Wednesday 20 October 2010


An easy drive to help launch our transformed Centre in Ammanford. I had briefly seen it since refurbishment work was completed but was still amazed and delighted, as was everyone else I'm sure, at the quality of the building and new furnishings. It was always a good building but that had been obscured by neglect until we bought it and got Bob the Builder in. The result is a light and airy space quite like an artist's studio with a very generous number of windows.

There is also evident enthusiasm to match our activities to the building, providing a range of training and recreational opportunities aimed at helping people to recover mental health and become more active members of the community. More on Hafal Carmarthenshire here.

I chat to Swansea City FC's Chairman Huw Jenkins who has joined the festivities, carefully not letting on that the only knowledge of the Club I have are the exploits of their mascot Cyril the Swan (see this post). The last time I attended a soccer game was 1979 in a sleepy hamlet in East Anglia. There was a total crowd of nine but under FA rules we still could not get a pint from the bar after the game started, presumably in case we rioted, attacked the opposing fans (an elderly couple with a dog), or went on the rampage in Downham Market. Mr Jenkins is pleased to hear that Hafal Deputy Chief Exec Alun Thomas has a season ticket and I was able to reassure him that he goes for the sport not in order to brawl with the Cardiff fans at their infamous derbies (or so Alun tells me).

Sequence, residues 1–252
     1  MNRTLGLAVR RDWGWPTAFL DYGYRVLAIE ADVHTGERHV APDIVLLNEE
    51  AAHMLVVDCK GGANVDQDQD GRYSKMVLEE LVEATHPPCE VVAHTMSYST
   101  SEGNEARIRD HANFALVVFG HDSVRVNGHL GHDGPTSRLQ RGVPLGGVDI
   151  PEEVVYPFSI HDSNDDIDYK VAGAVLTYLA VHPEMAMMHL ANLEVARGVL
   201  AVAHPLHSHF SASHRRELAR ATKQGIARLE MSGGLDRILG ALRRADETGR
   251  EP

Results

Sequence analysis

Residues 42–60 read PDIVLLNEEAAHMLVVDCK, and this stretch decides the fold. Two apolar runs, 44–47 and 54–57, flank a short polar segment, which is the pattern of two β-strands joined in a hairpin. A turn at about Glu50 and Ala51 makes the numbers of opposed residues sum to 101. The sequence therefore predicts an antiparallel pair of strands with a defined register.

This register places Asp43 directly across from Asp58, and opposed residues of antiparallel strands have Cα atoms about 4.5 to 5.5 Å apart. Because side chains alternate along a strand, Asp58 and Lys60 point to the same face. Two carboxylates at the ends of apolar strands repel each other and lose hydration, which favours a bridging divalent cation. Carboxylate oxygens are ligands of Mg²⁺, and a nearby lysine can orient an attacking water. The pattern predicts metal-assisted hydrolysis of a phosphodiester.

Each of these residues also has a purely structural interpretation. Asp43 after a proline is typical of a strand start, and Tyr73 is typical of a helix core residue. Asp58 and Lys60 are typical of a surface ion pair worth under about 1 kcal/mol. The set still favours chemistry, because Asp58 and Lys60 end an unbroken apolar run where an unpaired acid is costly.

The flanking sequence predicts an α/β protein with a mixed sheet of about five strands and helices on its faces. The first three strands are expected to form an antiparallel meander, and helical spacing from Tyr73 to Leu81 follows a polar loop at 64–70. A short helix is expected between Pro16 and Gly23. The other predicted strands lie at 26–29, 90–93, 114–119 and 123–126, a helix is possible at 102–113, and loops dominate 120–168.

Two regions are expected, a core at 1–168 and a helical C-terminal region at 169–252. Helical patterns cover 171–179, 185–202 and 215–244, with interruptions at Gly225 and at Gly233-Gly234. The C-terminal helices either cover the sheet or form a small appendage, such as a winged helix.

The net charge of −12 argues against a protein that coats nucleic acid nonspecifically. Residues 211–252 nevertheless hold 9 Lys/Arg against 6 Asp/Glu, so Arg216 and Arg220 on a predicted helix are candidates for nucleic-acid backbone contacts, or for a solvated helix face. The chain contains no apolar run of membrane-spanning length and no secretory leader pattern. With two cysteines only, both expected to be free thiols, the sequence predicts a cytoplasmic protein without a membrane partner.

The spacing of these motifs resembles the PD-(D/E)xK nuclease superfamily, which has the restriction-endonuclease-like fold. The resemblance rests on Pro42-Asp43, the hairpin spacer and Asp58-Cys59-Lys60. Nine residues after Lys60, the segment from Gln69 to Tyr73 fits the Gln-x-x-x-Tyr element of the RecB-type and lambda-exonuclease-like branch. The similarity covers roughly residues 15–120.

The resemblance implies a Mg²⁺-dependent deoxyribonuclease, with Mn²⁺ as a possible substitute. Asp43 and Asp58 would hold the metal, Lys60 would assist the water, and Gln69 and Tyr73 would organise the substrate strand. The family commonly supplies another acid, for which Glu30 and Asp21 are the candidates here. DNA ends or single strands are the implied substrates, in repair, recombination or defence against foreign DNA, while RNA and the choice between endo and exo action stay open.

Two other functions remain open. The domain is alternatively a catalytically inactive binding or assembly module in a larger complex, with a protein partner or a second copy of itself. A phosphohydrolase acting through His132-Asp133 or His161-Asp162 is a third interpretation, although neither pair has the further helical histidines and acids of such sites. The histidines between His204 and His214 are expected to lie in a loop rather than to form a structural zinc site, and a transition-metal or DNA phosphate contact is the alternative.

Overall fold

Hafal Chair Elin Jones, who is here to launch the restored Centre, tells me she was involved in the St Teilo's church project which I was a little rude about (whoops, small world!) in this post. But so far from being annoyed Elin fills me in on the whole story and also expands my reference to Dafydd William who it seems nearly drowned while crossing the Loughor next to the church during a storm and was inspired by this experience to write the hymn in question. Personally I wouldn't have tried to cross this muddy, steep-banked and treacherous river at low tide and in calm conditions: fervent Methodist William must I feel have trusted to the Almighty rather than to any 18th c. risk assessment.